Yale University partners with Flywire, a leading provider of international payment solutions, to provide a fast and secure way to make international payments to a Student Account within YalePay. Students and authorized proxies can initiate international payments from the Make Payment tab in YalePay by selecting “International Payment via Flywire” as the payment method, and then selecting the country from which payment will be made to see available payment methods. International payment via Flywire allows students and authorized proxies to save on bank fees and exchange rates, track the payment online from start to finish, and have access to 24/7 multilingual customer support. For more information on making international payments via Flywire, see International Payments Made Easy at https://student-accounts.yale.edu/yalepay.

A processing charge of $25 will be assessed for payments rejected for any reason by the bank on which they were drawn. In addition, for every returned ACH payment due to insufficient funds made through YalePay, Flywire will charge a penalty fee of $30 per occurrence. Furthermore, the following penalties may apply if a payment is rejected:

  1. If the payment was for a term bill, late fees of $125 per month will be charged for the period the bill was unpaid, as noted above.
  2. If the payment was for a term bill to permit registration, the student’s registration may be revoked.
  3. If the payment was given to settle an unpaid balance in order to receive a diploma, the University may refer the account to an attorney for collection.

Yale Payment Plan

A Yale Payment Plan provides parents and students with the option to pay education expenses monthly. It is designed to relieve the pressure of lump-sum payments by allowing families to spread payments over a period of months without incurring any interest charges. Participation is optional and elected on a term basis. The cost to sign up is $50 per term.

Depending on the date of enrollment, students may be eligible for up to five installments for the fall and spring terms. Payment Plan installments will be automatically deducted on the 5th of each month from the bank account specified when enrolling in the plan. For enrollment deadlines and additional details concerning the Yale Payment Plan, see https://student-accounts.yale.edu/ypp.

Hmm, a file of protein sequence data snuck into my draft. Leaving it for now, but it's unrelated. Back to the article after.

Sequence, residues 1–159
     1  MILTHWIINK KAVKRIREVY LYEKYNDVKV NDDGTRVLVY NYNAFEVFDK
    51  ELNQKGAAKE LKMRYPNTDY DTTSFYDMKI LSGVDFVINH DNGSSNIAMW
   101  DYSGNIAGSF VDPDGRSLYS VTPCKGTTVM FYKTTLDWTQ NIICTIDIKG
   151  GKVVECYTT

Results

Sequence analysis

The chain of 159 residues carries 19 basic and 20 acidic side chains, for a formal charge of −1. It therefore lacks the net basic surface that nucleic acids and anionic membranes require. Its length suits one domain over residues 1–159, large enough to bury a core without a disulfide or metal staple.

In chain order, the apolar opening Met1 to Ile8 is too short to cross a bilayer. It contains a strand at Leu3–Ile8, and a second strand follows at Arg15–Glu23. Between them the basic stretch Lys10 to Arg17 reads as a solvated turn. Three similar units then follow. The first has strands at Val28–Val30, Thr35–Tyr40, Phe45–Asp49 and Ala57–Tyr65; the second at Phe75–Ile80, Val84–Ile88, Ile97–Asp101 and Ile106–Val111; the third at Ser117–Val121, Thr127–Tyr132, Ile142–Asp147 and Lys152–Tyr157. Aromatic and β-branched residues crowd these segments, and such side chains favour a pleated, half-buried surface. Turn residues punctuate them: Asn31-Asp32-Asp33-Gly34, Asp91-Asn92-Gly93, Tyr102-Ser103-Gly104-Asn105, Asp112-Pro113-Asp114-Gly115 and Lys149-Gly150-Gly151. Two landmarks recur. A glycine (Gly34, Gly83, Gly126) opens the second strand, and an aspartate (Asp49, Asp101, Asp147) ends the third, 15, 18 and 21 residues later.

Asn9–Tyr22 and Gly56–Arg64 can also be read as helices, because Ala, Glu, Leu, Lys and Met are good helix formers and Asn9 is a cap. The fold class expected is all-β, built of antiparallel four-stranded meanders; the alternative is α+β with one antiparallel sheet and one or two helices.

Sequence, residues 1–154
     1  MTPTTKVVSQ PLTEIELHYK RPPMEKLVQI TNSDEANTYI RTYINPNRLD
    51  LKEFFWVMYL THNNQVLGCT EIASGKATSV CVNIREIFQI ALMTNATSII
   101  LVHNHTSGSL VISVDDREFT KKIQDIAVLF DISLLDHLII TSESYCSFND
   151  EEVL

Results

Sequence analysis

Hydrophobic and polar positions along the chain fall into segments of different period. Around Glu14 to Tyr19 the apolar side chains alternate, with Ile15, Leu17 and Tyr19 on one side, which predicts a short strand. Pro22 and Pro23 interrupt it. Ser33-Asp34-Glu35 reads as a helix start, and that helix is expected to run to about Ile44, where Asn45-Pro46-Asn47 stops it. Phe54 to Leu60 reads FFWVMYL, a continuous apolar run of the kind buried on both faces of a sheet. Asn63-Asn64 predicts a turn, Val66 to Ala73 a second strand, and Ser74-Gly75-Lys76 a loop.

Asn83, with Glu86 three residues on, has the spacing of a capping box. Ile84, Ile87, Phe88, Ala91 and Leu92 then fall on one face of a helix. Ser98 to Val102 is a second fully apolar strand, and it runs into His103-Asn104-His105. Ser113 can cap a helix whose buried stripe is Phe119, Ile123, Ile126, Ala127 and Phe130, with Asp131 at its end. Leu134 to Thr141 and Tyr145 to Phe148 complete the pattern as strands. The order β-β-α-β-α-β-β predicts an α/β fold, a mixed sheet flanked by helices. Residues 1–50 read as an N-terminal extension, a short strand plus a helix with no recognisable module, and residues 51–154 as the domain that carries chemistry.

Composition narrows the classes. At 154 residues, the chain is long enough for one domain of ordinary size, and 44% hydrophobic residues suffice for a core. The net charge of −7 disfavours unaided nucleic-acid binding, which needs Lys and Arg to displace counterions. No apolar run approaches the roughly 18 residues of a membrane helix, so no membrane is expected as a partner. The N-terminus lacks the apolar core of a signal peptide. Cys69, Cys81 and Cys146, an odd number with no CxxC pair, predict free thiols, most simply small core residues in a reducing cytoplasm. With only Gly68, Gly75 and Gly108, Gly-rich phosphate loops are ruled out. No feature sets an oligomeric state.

Bill Payment and Pending Military Benefits

Yale will not impose any penalty, including the assessment of late fees, the denial of access to classes, libraries, or other facilities, or the requirement that a student borrow additional funds, on any student because of the student’s inability to meet their financial obligations to the institution, when the delay is due to the delayed disbursement of funding from VA under chapter 31 or 33.

Yale will permit a student to attend or participate in their course of education during the period beginning on the date on which the student provides to Yale a certificate of eligibility for entitlement to educational assistance under chapter 31 or 33 and ending on the earlier of the following dates: (1) the date on which payment from VA is made to Yale; (2) ninety days after the date Yale certifies tuition and fees following the receipt of the certificate of eligibility.

Interruption or Temporary Suspension of University Services or Programs

Certain events that are beyond the University’s control may cause or require the interruption or temporary suspension of some or all services and programs customarily furnished by the University. These events include, but are not limited to, epidemics or other public health emergencies; storms, floods, earthquakes, or other natural disasters; war, terrorism, rioting, or other acts of violence; loss of power, water, or other utility services; and strikes, work stoppages, or job actions. In the face of such events, the University may, at its sole discretion, provide substitute services and programs, suspend services and programs, or issue appropriate refunds. Such decisions shall be made at the sole discretion of the University.

Tuition Rebate and Refund Policy

Students who withdraw from the Institute for any reason are subject to the tuition rebate and refund policy of the relevant professional school in which they are jointly enrolled. See the respective bulletins of the schools for more information.

Leave of Absence

For the policies regarding leaves of absence, including the U.S. military leave readmissions policy, Institute students should consult the bulletin of the School (Music or Divinity) in which they are enrolled, as well as the director of the Institute.